|Collard greens from our CSA bounty this week.|
The only time I’ve eaten collard greens is when they were cooked in butter and spiked with either ham or bacon, making them delicious, but also removing any remote possibility of being healthy.
And I’ve only ever had them with fried chicken. (Is it even legal to eat collard greens without fried chicken? If it is, it shouldn't be.)
But Ray and I weren’t having fried chicken, we were having grilled chicken. And in theory, the CSA is supposed help us eat better, so I searched for the easiest collard greens recipe I could find and landed on this one at Simply Recipes — Sauteed Greens with Pine Nuts and Raisins.
By some miracle we already had pine nuts and garlic so all we needed to pick up were raisins. So far, we are cooking with gas! (This is an expression Ray uses whenever something is going well.)
The first step — toast the pine nuts — went off without a hitch. (I am excellent at toasting.) But when I removed the pine nuts and added the garlic to the pan, things got intense. Lava-hot olive oil and burning garlic were popping all over the place, so I had to do a two-step away from the stove while it settled down.
Pro tip: Be wary folks, this could happen to you, so go ahead and turn on that vent fan before you start “sauteing” this stuff.
The greens took longer to cook down than I anticipated, probably 7 minutes or so. (That may have been because I turned the heat down after being scalded though.)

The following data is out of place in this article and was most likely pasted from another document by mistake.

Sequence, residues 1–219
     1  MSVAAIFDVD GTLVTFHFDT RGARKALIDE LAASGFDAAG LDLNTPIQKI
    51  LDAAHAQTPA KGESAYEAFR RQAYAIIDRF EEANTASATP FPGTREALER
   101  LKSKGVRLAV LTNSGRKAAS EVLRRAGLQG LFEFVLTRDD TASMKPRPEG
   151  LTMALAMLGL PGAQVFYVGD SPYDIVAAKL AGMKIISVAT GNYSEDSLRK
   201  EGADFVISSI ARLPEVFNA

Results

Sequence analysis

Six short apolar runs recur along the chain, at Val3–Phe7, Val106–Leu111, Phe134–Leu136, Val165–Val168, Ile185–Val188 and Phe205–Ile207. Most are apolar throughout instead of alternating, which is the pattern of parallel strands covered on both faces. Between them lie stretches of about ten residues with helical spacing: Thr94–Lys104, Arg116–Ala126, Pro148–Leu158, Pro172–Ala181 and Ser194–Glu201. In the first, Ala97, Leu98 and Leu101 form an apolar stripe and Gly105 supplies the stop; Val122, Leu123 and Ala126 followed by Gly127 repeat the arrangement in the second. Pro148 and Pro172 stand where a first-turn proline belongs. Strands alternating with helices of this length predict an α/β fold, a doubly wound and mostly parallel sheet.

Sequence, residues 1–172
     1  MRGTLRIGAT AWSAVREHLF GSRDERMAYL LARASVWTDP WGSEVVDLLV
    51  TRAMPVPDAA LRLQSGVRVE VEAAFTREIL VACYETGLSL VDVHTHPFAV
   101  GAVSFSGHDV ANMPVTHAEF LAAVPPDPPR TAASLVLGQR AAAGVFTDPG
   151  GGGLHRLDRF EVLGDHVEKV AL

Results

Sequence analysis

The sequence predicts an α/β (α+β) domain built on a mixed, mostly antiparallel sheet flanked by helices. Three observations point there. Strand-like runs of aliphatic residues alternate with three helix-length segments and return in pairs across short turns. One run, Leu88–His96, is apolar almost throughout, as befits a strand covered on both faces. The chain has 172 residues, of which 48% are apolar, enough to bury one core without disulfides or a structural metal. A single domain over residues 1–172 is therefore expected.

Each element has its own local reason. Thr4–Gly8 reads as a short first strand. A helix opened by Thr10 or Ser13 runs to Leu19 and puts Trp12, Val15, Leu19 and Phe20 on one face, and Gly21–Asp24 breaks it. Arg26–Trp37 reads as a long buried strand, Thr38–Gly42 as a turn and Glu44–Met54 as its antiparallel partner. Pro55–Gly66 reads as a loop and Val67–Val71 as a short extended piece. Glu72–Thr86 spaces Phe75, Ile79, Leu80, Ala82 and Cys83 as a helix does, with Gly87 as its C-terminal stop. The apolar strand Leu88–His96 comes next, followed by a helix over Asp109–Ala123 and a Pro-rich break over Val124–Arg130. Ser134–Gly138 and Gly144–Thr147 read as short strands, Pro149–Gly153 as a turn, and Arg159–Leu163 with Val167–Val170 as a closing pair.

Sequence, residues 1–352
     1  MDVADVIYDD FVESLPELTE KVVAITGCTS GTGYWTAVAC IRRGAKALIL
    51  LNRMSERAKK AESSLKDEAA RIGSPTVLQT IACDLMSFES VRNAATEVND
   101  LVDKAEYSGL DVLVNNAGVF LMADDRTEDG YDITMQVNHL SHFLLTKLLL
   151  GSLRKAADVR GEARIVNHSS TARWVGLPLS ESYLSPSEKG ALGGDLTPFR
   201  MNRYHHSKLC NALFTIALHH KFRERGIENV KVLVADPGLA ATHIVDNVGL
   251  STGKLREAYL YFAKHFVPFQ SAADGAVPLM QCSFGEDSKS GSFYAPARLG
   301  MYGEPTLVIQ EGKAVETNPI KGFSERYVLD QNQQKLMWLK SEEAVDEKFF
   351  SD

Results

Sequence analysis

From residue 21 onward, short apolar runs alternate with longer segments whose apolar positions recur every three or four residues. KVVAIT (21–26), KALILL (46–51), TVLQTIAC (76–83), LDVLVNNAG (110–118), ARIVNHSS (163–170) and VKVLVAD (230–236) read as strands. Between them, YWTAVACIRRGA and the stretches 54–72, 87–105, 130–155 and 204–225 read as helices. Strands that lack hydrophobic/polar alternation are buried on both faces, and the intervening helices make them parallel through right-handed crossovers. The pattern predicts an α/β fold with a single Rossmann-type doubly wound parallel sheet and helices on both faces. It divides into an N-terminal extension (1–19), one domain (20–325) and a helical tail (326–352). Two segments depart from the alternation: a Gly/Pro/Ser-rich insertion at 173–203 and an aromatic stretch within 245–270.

The recipe calls for ¼ cup of white wine, but I wasn’t about to waste a bottle on collard greens, so I improvised with water with a splash of balsamic vinegar AND lemon. (The recipe says to use one or the other with water, but my greens and I live on the edge, so I added both.)
Here it is cooking up real nice. Look at those pine nuts, so perfectly toasted.
At the end I added the raisins, pine nuts, red pepper flakes and water as instructed, let it boil off and then removed it from heat.
As a result, my greens turned out relatively intact, which I think is how most people like them. But not me. I prefer mine an unidentifiable moss of green sludge and I wished I'd have cooked them harder and longer in more water. (That’s me.)
|A little Prince with your side of greens?|
Pretty tasty. Again, I think greens are better slathered in bacon grease or ham, but what isn’t, you know? These were healthy and the combination of the sweet (raisins) with the heat (red pepper flakes) was a nice contrast. And it was super easy and fast to cook, minus nearly catching the stove on fire.
Ray said he really liked them but he is somewhat unreliable because 1) he likes about anything and 2) he’s too nice to complain about something I’ve made, so he can’t be counted on to be overly critical. I’ll work on him though. This is science.
The next few farm shares are mostly salad greens I believe, so I have a bit of a reprieve from coming up with recipes and cooking. Thank God. These collard greens liked to wore me out.